The race for Colorado Republican Party chair was upended this week by two-term Chairman Dick Wadhams’ unexpected withdrawal but the dust might not have settled yet. Three prominent Republicans are considering getting into the race next week, The Colorado Statesman has learned, including a former statewide candidate and two local chairmen from key swing counties.
Jefferson County GOP Chairman Don Ytterberg, his Larimer County counterpart Larry Carillo, and Cleve Tidwell, the international businessman who failed to make the ballot in last year’s U.S. Senate Primary, all told The Statesman they have spent the last week pondering whether to run for the state Republican Party’s top job at the March 26 central committee meeting.
Three candidates are already in the running: state Sen. Ted Harvey, R-Highlands Ranch, state party legal counsel Ryan Call, and recent Michigan transplant Barton Baron, who is running on a ticket with Tidwell’s former campaign manager as a vice chair candidate. Call — who chaired the Denver GOP until last weekend’s local party elections, when he declined to seek a second term — jumped into the race a day after Wadhams dropped out.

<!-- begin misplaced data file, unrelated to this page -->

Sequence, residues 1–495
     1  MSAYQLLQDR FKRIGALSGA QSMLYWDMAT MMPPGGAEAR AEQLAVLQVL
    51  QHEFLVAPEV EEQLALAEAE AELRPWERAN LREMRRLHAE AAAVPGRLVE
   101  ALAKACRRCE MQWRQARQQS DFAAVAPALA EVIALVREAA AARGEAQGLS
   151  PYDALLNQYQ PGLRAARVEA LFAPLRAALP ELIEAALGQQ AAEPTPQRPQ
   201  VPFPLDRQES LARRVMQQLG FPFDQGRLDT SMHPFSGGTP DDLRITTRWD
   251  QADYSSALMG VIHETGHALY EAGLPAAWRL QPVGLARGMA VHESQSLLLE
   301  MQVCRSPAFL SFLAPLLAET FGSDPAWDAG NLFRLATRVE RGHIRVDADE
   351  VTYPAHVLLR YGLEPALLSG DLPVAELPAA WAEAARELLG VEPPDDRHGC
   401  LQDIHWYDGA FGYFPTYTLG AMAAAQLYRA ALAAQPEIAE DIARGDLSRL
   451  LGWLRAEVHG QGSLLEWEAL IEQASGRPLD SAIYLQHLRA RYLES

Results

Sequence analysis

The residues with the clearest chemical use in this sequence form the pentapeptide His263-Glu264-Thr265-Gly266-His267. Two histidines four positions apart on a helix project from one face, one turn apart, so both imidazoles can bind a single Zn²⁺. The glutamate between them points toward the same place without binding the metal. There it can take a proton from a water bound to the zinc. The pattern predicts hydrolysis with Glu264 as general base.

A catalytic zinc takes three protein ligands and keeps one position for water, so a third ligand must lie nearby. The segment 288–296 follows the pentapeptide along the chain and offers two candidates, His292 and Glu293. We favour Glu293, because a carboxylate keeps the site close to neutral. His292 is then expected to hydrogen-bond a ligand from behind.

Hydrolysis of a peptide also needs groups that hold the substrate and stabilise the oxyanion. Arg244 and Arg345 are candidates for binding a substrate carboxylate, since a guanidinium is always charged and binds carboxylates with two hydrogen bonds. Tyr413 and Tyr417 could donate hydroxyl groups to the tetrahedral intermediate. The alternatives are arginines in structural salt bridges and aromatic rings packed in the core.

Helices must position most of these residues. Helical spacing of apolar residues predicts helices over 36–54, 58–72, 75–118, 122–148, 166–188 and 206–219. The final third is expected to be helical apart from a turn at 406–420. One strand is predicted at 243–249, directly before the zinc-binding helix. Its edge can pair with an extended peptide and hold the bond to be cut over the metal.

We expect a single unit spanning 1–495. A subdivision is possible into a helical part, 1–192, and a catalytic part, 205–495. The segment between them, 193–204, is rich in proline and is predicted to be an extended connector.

In his letter quitting the race, Wadhams said he was tired of Republicans who see “conspiracies around every corner and who have terribly misguided notions of what the role of the state party is.” He also warned against chair candidates who promise to unite conservatives at a cost of pushing away moderates and unaffiliated voters, which he said would jeopardize GOP chances of winning in Colorado.
Ytterberg said he has been considering whether the state party would benefit from the organizational and party-building skills he has honed in one of the state’s top battleground counties.